Turning Old Asphalt ‘Green’

By Arist E. de Wolff
Wednesday - August 26, 2009
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By Arist E. de Wolff
Superintendent, Alakona Corp.

Every year, thousands of tons of asphalt are removed from Hawaii’s roads and parking lots to sit in our overcrowded landfills. As a family-owned asphalt paving and paving maintenance company, we at Alakona Corp. see firsthand the enormous amount of pavement dug up each year when repairing roads. At the same time, this same amount of virgin rock must then be ripped out of our mountains to create new asphalt-treated base for Hawaii’s new roads and parking lots.

In 2006, my father first heard about a way to recycle this RAP (reclaimed asphalt pavement) and we began researching the Wirtgen company’s KMA 200. This 40-foot, portable machine turns RAP into new, foamed asphalt base that can be used in place of traditional asphalt treated base, the thick layer of stabilizing base that sits just under the asphalt of a road, parking lot or driveway.

As we learned more, we found the process to make this 97 percent recycled material is cold, using less energy and emitting far less pollutants than the process to make asphalt-treated base. Additionally, it can be made and then stored for up to 30 days, unlike hot asphalt that needs to be made and used right away before it cools. In fact, this foamed asphalt-treated base, which we call Green Mix Hawaii, qualifies for LEED (Leadership in Energy Efficiency and Design) points in two different categories.

The Alakona Corp. crew is on the cutting edge of recycled asphalt

But the best part?

Not only is it good for the environment, but Green Mix Hawaii costs less.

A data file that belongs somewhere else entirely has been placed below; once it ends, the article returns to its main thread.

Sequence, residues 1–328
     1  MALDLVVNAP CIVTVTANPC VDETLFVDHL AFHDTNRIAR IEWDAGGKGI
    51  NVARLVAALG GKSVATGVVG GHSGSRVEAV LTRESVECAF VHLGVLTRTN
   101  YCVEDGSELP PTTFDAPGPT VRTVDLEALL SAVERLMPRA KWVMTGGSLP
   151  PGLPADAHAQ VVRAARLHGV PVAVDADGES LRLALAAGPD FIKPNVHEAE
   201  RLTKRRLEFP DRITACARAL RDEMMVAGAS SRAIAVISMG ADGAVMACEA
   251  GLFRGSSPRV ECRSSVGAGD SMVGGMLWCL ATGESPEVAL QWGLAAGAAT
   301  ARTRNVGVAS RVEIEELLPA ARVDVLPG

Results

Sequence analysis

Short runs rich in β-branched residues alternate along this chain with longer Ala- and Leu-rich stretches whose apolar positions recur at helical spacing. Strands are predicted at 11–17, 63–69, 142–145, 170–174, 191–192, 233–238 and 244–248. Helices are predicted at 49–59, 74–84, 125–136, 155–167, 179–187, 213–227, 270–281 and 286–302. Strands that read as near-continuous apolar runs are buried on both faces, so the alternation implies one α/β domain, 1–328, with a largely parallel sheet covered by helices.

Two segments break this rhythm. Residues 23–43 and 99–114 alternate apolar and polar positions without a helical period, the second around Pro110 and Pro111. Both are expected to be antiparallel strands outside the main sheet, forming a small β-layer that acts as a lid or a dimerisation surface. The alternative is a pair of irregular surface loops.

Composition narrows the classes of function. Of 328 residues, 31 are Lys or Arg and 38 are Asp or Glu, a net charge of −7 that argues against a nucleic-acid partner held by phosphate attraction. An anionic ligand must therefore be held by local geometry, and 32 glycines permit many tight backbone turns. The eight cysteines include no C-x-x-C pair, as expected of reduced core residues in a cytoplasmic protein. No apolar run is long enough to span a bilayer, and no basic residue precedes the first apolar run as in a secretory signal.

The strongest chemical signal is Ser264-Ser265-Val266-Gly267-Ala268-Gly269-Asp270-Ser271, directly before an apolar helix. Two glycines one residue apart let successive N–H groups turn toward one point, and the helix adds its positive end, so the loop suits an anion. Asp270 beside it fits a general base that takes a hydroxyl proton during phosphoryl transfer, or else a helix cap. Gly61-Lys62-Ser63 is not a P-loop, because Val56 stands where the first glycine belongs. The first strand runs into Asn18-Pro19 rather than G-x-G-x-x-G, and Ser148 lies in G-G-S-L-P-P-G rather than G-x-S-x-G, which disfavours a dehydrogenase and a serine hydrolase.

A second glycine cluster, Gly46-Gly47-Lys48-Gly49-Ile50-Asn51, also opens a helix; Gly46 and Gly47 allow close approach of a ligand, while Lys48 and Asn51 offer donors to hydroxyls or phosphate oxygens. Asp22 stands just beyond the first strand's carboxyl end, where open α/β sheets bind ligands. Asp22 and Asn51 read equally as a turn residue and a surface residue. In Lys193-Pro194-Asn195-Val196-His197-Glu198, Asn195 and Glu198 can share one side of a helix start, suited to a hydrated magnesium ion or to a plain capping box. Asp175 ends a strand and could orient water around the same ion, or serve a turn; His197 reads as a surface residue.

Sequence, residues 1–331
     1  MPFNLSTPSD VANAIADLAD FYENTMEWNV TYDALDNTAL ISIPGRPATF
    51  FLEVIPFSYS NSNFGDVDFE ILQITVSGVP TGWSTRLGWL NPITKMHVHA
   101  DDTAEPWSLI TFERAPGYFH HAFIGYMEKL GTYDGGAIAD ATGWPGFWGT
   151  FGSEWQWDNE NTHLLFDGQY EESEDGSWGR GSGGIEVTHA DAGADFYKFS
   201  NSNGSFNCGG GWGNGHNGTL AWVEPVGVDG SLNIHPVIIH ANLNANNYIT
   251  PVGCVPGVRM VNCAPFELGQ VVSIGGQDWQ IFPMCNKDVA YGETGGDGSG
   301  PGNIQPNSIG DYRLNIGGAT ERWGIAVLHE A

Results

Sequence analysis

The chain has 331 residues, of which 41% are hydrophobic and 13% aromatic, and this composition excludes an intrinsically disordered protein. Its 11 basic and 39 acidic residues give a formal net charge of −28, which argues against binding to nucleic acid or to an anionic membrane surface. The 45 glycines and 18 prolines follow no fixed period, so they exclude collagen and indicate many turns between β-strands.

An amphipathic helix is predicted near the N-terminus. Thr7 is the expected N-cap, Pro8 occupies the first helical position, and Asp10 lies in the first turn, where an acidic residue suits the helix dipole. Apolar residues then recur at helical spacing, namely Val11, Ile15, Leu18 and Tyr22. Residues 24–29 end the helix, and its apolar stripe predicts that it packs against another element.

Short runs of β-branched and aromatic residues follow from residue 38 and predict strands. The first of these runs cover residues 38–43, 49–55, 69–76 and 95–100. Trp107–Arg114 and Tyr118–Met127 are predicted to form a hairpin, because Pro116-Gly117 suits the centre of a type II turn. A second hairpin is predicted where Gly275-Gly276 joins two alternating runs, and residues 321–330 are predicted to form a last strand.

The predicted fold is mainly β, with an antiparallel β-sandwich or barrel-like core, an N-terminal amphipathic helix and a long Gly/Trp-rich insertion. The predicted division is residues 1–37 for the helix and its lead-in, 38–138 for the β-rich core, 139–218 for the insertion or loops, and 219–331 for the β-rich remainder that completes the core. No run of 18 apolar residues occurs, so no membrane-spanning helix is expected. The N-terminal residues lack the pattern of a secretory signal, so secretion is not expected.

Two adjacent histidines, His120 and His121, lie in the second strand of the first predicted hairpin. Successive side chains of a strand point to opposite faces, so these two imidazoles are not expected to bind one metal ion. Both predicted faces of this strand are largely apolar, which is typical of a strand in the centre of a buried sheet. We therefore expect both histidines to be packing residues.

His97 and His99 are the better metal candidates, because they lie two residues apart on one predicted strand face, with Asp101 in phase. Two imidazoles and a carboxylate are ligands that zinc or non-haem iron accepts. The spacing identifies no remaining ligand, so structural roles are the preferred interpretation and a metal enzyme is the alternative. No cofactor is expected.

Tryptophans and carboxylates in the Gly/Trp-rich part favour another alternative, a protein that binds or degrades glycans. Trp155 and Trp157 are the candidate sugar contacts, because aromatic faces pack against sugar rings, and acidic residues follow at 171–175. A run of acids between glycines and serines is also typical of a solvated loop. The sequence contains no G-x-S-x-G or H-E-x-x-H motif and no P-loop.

During our extensive research, we learned that this technology has been used worldwide for decades in Europe, Africa and even the Mainland.

In Alaska, Green Mix Hawaii is being used to extend Runway 7 at the Ted Stevens Airport. California’s Department of Transportation has used the process to rehabilitate Highway 20 and I-80, and the City of Los Angeles is using it on city streets. Convinced this could help our fragile island environment, Alakona invested in the $1 million machine and brought it to Hawaii to begin the next phase: testing and permitting. We spent the next two years obtaining our permits and refining the mix to create the most durable recipe using Hawaii’s unique RAP.

Now we are working with the state and the city and county so they can confirm this is not just a viable alternative, but a necessary improvement to help preserve our aina.

As a local company, we feel it imperative to protect and preserve our land and our resources. Green Mix Hawaii is just one way we can do this.

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